Revisiting Martin Luther King’s Idea of Universal Basic Income

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During the last decade of his life, Martin Luther King’s civil rights activism took on a universal spin. He started advocating for equal civil rights for the poverty-struck community, not just the African American diaspora.

Universal basic income was a part of this economic dream. Let’s discuss this ideal that was so callously interrupted by the assassination of Martin Luther King.

What is Universal Basic Income?

Universal basic income would’ve guaranteed that every American got a mandatory middle-class income to make ends meet. Also known as guaranteed income, this would have ensured every citizen a set share of living expenses yearly instead of the minimum wage, which is neither realistic nor sufficient for a college student to pay off their loans.

modernized version of this welfare recipient program proposed by Charles Murray, a conservative scholar, would see every legal adult get a set sum of $10,000 annually.

King’s Universal Basic Income

King’s idea of a universal basic income went beyond anything proposed today. If anything, we should be taking notes from the ideas perpetuated during the ’60s because they were just that ahead of their times.

King’s vision has gone into great detail about the universal basic income in Where Do We Go From Here: Chaos or Community? A book that would go on to be his last. While acknowledging the government’s overtures to address poverty through education and housing, King also said they weren’t nearly enough to eradicate poverty.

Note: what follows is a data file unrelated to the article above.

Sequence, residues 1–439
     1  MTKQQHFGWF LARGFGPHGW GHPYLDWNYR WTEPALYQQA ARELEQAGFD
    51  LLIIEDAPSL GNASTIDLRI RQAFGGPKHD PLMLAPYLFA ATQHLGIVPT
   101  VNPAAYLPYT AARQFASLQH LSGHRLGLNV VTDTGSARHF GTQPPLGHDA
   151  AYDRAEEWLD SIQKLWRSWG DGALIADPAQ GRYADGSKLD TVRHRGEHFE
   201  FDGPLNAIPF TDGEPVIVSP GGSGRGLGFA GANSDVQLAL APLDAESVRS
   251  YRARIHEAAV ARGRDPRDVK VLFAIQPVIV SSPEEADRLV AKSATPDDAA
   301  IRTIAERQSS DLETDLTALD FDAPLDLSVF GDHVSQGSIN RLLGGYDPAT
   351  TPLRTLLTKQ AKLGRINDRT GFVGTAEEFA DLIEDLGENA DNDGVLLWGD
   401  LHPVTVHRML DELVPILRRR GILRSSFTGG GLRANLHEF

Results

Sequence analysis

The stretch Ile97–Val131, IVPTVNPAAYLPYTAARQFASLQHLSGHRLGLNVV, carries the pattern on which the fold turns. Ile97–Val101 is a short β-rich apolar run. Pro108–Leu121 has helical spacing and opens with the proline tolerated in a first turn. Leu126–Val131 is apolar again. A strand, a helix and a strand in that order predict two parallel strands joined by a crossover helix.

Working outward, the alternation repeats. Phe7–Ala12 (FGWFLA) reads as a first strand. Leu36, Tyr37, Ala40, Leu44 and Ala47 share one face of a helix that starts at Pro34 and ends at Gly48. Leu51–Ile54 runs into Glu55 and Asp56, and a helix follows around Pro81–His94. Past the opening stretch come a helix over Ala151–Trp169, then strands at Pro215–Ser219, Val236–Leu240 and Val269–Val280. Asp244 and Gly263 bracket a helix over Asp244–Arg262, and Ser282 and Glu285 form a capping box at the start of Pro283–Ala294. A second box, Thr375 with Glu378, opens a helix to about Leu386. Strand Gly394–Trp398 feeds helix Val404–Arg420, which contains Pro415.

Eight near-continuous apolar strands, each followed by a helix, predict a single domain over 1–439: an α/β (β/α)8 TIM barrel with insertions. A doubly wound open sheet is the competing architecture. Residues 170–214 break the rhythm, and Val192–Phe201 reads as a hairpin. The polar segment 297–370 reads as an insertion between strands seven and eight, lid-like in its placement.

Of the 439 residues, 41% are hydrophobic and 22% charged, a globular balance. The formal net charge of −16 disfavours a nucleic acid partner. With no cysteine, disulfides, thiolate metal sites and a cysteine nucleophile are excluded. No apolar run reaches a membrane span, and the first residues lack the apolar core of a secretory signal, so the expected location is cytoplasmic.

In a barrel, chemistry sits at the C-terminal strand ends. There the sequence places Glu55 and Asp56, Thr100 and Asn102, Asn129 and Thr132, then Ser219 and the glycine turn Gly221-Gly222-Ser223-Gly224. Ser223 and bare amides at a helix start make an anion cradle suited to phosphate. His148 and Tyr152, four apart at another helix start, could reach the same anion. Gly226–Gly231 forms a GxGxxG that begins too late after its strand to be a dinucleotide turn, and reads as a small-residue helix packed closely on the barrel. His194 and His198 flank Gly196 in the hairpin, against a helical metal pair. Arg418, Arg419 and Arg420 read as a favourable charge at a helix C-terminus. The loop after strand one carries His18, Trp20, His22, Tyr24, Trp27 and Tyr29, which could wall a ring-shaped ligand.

In his opinion, the government needed a direct approach to ending poverty. In other words, this meant addressing more of the “what” and less of the “why”; the latter wasn’t doing anything to improve their lives.

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Create a Universal Basic Income to Create Jobs

It should be noted that King wasn’t trying to make a case for an income whether or not you were employed. When he said the US wasn’t doing nearly enough for the poor despite growing economically rich every day, he meant that the government—the system—was disregarding the poor because it saw them as inferior.

If a decent income is what it takes for the system to see these people as equals and provide them with equal job opportunities, a decent, guaranteed income is what they should get. He wanted everyone to work and the government to guarantee a middle-class income by creating job opportunities for conventional and unconventional skill sets.

The Final Setback

Universal basic income was an important aspect of King’s Poor People’s Campaign. It had already experienced a setback because of King’s ongoing criticism of the US involvement in the aftermath of vietnam war.

Its final setback came in the form of the MLK assassination. Visit Kennedys and King to learn more about the events surrounding his assassination, particularly the threat he presented as an important pillar of the Civil Rights Movement.

Reach out for inquiries and updates.

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